This project will use mixed methods (qualitative and quantitative) to evaluate the impact of marijuana policy changes on patterns of use of marijuana and other harmful substances among people living with HIV (PLWH). PLWH are a key population given their high prevalence of marijuana use and potential for marijuana-related adverse outcomes. We will analyze the rich data available through the Centers for AIDS Research Network of Integrated Clinical Systems (CNICS) study, a large, geographically and racially diverse cohort of >32,000 PLWH in care in 8 regions across the U.S. CNICS' comprehensive clinical data includes laboratory data (CD4, HIV RNA levels), medications, diagnoses (substance use disorders, mental health disorders), patient-reported outcomes (PROs) with >70,000 comprehensive substance use assessments, and health care utilization such as primary care visits and missed visits. Ongoing longitudinal substance use assessments combined with geographic diversity including areas like San Diego, Seattle, and Boston with recent regulatory changes and areas like Baltimore and Birmingham without regulatory changes will enable this project. We will examine marijuana use among PLWH using joint longitudinal and survival models to estimate associations with policy/regulation. We will also evaluate the association between marijuana use changes and risk behaviors, such as binge drinking, among PLWH. We will additionally employ qualitative methods including focus groups and structured interviews to evaluate changing usage patterns, beliefs, and health behaviors over periods experiencing regulatory changes. We expect that the majority of increases in marijuana use will be explained by current users increasing frequency rather than non-users becoming users. Furthermore, post-legalization, PLWH reporting current marijuana use will a) describe a diversification of product use and means of ingestion, b) report increased access to marijuana, c) describe an increase in use of marijuana in social settings and in public spaces, d) report marijuana as a cue for use of other substances in certain settings, e) describe decreased stigma associated with marijuana use, and f) and lower rates of alcohol and tobacco use. The findings of this proposal will likely enable several future studies exploring the intersection of marijuana policy, substance use, and health outcomes among PLWH. Further, we expect that data gleaned from this project will have ramifications not only for the clinical care of PLWH but for public health and marijuana legislation in general.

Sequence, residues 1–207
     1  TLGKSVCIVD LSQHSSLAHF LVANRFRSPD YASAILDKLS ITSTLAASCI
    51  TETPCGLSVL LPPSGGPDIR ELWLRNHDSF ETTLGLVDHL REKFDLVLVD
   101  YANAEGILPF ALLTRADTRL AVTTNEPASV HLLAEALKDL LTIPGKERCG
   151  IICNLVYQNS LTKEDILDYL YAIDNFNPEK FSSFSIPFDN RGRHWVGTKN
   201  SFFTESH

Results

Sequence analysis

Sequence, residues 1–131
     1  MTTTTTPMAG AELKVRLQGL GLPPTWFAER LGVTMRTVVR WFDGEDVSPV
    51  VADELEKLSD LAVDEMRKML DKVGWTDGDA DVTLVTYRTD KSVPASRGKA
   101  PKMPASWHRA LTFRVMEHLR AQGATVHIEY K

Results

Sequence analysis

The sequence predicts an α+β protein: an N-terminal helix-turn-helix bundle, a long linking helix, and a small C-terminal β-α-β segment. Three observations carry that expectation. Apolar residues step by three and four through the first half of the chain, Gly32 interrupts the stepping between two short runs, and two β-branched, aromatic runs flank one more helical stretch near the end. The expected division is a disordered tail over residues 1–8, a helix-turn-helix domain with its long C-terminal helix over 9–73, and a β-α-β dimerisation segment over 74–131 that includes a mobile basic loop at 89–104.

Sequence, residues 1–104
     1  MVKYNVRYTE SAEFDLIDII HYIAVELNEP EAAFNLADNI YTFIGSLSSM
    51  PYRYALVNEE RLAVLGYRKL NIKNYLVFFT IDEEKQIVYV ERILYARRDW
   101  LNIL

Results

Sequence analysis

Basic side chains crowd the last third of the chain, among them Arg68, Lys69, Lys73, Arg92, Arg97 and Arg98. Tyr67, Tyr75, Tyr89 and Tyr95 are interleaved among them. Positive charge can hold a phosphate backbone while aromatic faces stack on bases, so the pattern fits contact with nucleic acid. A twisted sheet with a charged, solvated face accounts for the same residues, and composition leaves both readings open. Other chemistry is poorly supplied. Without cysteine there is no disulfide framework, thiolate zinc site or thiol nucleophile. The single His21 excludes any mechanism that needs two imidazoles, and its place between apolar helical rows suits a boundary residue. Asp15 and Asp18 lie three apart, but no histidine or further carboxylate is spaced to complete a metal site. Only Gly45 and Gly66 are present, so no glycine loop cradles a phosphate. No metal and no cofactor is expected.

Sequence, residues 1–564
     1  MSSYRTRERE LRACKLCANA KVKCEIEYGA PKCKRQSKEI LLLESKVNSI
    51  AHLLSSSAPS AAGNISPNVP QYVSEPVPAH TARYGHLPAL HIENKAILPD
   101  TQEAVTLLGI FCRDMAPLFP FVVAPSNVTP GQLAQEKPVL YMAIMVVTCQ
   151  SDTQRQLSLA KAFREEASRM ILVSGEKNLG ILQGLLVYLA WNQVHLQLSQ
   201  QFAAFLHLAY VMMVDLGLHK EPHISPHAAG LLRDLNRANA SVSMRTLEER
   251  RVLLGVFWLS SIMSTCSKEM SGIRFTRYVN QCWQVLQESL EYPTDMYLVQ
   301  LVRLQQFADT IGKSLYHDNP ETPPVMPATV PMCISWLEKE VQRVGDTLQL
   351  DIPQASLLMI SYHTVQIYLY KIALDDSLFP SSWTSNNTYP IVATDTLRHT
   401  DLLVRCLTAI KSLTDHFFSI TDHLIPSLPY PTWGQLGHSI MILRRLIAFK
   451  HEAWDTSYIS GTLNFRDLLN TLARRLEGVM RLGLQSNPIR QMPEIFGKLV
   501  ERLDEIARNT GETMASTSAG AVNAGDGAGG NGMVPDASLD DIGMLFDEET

This project evaluates the potential impact of state-level marijuana policy changes on patterns of use of marijuana and other harmful substances among people living with HIV (PLWH), a population with a high prevalence of marijuana use and at high risk for marijuana-related adverse outcomes. We will leverage our team's extensive experience using mixed methods approaches and our extensive experience in nuanced statistical modeling, including causal inference, to perform longitudinal analyses on the rich data available on PLWH in the Centers for AIDS Research Network of Integrated Clinical Systems (CNICS) study, a large, geographically, and racially diverse cohort of >32,000 PLWH in care in 8 regions across the U.S., which includes states that underwent recent policy changes and others that have not. We will assess patterns of marijuana use before and after regulatory changes and describe the impact of these changes on alcohol, tobacco, and other substance use and other key behaviors (e.g., sexual risk behavior, adherence to antiretroviral therapy, and follow-up to HIV-care) through analysis of ongoing comprehensive substance use assessments (>70,000 to date) comprised of frequency, severity, and impact of use; clinical data; and results from qualitative methods (i.e., focus groups and structured interviews).